Society of Invasive Cardiovascular Professionals

The 10-Minute Interview with...Bruce Allen, RCIS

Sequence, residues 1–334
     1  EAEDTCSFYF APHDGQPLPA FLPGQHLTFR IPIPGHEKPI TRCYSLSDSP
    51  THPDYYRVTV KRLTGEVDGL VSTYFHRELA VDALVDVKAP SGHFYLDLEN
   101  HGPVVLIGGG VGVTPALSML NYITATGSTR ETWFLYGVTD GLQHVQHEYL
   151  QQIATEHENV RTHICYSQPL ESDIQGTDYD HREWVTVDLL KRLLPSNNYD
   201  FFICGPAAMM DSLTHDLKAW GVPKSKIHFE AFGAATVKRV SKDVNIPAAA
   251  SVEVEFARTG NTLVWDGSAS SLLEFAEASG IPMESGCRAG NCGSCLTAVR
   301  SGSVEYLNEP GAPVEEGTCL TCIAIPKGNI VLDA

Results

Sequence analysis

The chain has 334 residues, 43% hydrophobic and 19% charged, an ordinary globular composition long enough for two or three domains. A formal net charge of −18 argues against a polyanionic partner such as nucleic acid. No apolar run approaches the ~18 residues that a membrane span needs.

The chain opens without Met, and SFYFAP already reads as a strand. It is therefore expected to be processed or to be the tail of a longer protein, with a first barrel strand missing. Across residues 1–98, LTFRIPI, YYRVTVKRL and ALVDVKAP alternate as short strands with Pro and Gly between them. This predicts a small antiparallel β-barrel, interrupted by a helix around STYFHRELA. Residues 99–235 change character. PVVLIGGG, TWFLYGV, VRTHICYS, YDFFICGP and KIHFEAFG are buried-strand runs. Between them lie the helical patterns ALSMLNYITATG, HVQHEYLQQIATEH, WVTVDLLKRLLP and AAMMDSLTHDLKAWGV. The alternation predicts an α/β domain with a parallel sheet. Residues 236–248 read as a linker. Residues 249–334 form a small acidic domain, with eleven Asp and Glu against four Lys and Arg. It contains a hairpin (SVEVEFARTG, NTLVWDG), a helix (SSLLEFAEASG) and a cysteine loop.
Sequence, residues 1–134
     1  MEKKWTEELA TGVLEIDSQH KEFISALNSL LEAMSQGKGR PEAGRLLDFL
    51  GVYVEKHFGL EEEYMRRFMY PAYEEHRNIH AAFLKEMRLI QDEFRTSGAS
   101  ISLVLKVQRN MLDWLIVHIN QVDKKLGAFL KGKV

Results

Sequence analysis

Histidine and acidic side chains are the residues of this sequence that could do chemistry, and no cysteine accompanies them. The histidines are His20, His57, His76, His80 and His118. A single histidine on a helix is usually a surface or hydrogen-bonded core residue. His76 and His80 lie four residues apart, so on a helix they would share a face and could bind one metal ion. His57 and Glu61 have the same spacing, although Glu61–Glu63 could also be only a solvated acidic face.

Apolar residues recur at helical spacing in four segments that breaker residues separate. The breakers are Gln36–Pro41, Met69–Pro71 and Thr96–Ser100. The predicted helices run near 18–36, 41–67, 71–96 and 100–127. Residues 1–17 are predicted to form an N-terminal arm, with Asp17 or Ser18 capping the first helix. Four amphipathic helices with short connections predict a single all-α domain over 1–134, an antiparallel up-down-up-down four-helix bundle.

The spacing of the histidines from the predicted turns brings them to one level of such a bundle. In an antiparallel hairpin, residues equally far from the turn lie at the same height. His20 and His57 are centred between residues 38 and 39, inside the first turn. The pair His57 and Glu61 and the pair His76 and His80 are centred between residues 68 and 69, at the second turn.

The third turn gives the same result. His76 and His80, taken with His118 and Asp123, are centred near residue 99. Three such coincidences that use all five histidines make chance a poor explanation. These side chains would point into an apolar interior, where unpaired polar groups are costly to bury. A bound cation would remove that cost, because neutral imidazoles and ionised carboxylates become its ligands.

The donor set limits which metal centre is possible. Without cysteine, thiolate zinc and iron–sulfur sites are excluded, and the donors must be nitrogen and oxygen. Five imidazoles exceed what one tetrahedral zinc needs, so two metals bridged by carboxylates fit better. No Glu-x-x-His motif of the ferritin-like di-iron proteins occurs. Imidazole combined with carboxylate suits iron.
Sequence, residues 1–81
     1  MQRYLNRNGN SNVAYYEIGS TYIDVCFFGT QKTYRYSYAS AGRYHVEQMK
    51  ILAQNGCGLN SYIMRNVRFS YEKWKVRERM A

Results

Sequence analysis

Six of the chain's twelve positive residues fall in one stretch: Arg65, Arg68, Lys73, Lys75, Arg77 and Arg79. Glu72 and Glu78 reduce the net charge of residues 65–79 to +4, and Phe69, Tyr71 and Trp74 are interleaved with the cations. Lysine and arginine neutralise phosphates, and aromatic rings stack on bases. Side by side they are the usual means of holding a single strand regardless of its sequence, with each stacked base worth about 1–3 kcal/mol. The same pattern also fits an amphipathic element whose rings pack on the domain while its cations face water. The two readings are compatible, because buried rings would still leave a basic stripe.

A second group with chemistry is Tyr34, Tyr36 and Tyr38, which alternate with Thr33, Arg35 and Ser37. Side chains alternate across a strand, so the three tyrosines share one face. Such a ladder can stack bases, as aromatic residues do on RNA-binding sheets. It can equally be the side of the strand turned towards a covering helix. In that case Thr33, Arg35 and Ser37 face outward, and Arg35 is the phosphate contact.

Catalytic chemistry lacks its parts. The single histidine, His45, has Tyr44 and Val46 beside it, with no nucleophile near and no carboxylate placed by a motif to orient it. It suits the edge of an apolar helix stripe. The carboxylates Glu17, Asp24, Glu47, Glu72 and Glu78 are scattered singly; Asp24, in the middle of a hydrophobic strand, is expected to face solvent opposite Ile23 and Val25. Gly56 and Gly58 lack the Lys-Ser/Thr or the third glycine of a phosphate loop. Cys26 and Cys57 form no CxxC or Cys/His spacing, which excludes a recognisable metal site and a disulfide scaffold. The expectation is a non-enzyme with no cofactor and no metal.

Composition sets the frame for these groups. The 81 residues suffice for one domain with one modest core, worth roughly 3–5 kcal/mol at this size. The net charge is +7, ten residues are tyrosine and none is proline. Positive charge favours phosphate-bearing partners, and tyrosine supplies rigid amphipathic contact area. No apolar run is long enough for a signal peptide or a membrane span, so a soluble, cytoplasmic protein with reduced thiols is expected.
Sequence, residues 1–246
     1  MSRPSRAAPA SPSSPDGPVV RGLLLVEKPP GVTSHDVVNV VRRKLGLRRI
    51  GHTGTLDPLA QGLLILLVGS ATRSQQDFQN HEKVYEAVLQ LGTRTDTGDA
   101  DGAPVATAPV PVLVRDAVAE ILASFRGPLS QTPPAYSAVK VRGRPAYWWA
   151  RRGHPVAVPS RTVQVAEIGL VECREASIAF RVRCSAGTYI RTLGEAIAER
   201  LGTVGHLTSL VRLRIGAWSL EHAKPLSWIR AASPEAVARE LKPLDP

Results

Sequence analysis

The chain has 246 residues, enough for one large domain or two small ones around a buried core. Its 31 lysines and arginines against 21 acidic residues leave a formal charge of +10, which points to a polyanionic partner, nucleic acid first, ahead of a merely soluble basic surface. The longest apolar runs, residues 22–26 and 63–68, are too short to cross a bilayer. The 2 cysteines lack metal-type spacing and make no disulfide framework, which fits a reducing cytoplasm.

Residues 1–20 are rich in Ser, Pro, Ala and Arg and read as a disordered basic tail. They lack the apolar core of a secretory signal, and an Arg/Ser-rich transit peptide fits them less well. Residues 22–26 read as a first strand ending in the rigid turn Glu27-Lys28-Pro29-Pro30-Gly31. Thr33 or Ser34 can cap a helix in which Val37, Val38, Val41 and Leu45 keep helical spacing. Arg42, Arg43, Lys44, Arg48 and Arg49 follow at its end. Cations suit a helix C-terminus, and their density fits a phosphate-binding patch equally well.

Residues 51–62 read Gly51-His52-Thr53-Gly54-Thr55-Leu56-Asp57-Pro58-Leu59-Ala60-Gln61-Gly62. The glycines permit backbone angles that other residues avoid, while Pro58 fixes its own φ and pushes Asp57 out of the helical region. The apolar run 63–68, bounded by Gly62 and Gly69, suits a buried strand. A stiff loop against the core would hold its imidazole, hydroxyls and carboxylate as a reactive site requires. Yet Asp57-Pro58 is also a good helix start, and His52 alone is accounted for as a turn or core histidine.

Why did you choose to work in the invasive cardiology field? I grew up thinking that it would be good to be involved in the healthcare field. I worked my way through two years of college in the dietary department of a busy hospital and then decided to continue my medical career as a Corpsman and OR Tech in the Navy. After my tour in the Navy, I completed my Bachelor’s Degree in Biological Sciences. The medical field was still appealing to me but I didn’t want to spend the rest of my working days as a tech in the OR. The OR was always interesting, but I was looking for a vocation that was more technically challenging and would give me a greater sense of ownership in procedures and outcomes. I went to Spokane Community College (SCC) and completed the Cardiopulmonary course with emphasis on vascular technology. The training at SCC was a big help in giving me the understanding of what I would be doing in the CV field before being thrown into a cath lab. It also gave me the basis for passing the RCIS credential. I would recommend that any training program teach the theory before having students do the hands on. Can you describe your role in the CV lab? I have taken on several roles during my 27 years at SHMC, but the most enjoyable is still working alongside the other staff members doing procedures in the labs. As a senior technologist, my other responsibilities have included the development of a standard of excellence in the cross-training program, interviewing prospective staff (to evaluate personal and technical skills) and oversight of inventory. I also enjoy evaluating new equipment, products, and procedures. Many years of experience in the field have given me a keen sense of what is going to work or not. What is the biggest challenge you see regarding your role in the CV lab? The biggest challenge in my role has been keeping up with CHANGE. It can be both a help and a nuisance. Sometimes I sense the patient gets left out of the picture. Maintaining quality of care is something that we are constantly mindful of as our energies are siphoned off by paperwork and learning to use new tools. Furthermore, staff in a cardiac/angio/EP service do over three times as many types of procedures as staff in a cardiac-only lab. This puts a lot of stress on our training and inservice program. The other major challenge is the increasing cost burden that new technologies bring, the complexity of understanding how to properly code them and the difficulty in getting reimbursement for their use. The patients coming to the lab for an intervention expect and deserve experienced and technically sound staff working on them. In the future, we will need to improve hospital-based training programs, because students will begin their practical experience doing interventions without the opportunity to hone their skills on diagnostic procedures first. What motivates you to continue working in the CV lab? There are great, dedicated people with whom I work. And, too, it has been a very rewarding experience to work in this rapidly evolving field of medicine. I have witnessed the transition from strictly diagnostic studies to ever-increasing capabilities to affect a positive change in the patient’s quality of life through advanced therapeutic procedures. I am looking forward to new procedures coming along which will require an expanded knowledge base and experience, even from where we are now. What is the most bizarre case you have ever been involved with? I have seen most cardiac anomalies and a lot of peripheral ones too. I remember a totaled LMCA and the EF was normal. Everything was being perfused via collaterals off the RCA. I will never forget the time we did a left carotid angio and the contrast pulsed with the heartbeat but wouldn’t go up into the cerebral circulation (gunshot to the head with high intracranial pressure). The diagnostic procedures that we did 27 years ago would seem bizarre today. The most reliable way to obtain a cerebral angio back then was to put a 14ga steel needle in the right brachial artery and inject 40cc/sec to get retrograde filling of the right vertebral and carotid arteries. To see the left cerebral circulation, we would stick the left common carotid (and hope there wasn’t much plaque in the way). When work gets stressful and you experience low moments (as we all do), what do you do to help keep your morale high? There are books, seminars and support groups to help people get through hard times. I have found the true source of strength in knowing Jesus Christ as Savior and Lord. He gives the inner peace and joy that helps me look beyond the rough spots in life. I don’t wait for times of stress to communicate with God through prayer. Meditating on God’s Word (the Bible) every day is good mental and spiritual preparation to meet the challenges of each day. Are you involved with SICP or other cardiovascular societies? I am not presently a member of SICP, but I plan to become involved with a local chapter being developed to promote and facilitate continuing education among the cath labs in my regional area. Are there websites or texts that you would recommend to other CV labs? Grossman’s Cardiac Catheterization and Angiography and Morton Kern’s The Cardiac Catheterization Handbook are both good texts. Websites include www.cathlab.com and www.theheart.org. Do you remember participating in your first invasive procedure? Yes, I can still remember my first invasive procedure, but it wasn’t in the cath lab. I was a young Navy Corpsman observing a thoracentesis and when that long needle was pushed into the chest for the third time, I almost passed out. After that I became an OR tech and the transition to the cath lab was fairly easy. When I started in the cath lab it was quite different than it is now. We took cut films (14 x 14) in between cine runs so that the surgeons had static films to look at. This involved using a rapid film changer while injecting the coronary arteries. Since we could not use fluoro while running the film changer, you couldn’t see the injection until the film was developed. The only way to know that the contrast filled the artery was if the same EKG changes occurred during the cut filming as occurred during the cine runs. The monitoring person had to really be on their toes and the tech injecting the coronaries had to develop a sensitive touch to duplicate injections from cine to cut films. We have come a long way since then. If you could send a message back to yourself at the beginning of your career, what advice would you give? If you are asking what would I say to a rookie, I would recommend several things: learn all you can, strive for perfection, stay focused on the job at hand, don’t think you are better than you are, trust and respect your co-workers and most importantly don’t ever forget that there is a real person in the room you are working on called ‘the patient’! Where do you hope to be in your career when it is time to retire? I can’t see retiring yet. I am enjoying working in this field too much. I still have some goals to complete that have to do with training and a regional chapter of the SICP. Has anyone in particular been helpful to you in your growth as a cardiovascular professional? I have tried to improve my skills and knowledge by listening to anyone with a positive suggestion. I have even learned some positive things from a supervisor who was not the best leader, but had some good suggestions. Two people who have been very good role models are Dan Scharbach (Providence St. Vincent Medical Center, Portland, OR) and Todd Chitwood (Oregon Cardiology Diagnostic Center, Eugene, OR). They are sharp technically, sound leaders, and dedicated to advancing the cardiovascular profession. Where do you think the invasive cardiology field is headed in the future? It’s hard to imagine what the field of invasive cardiology will look like in 10 or 20 years. Twenty-seven years ago we were using cine, rapid film changers, catheters formed with steam, and had never even heard of stents. We used monitoring equipment that took five minutes just to balance. If the beginning of my career was night, then the present is dawn. The new day may not be invasive at all. I do believe that invasive cardiology will quickly move to strictly therapeutic procedures. Stenting may become rare, as local delivery of medication and gene therapy are perfected. There will probably be a melding of micro/robotic and intra vascular modalities. Things I never dreamed of when I started in the cath lab. Bruce Allen can be contacted at BrAllen@peacehealth.org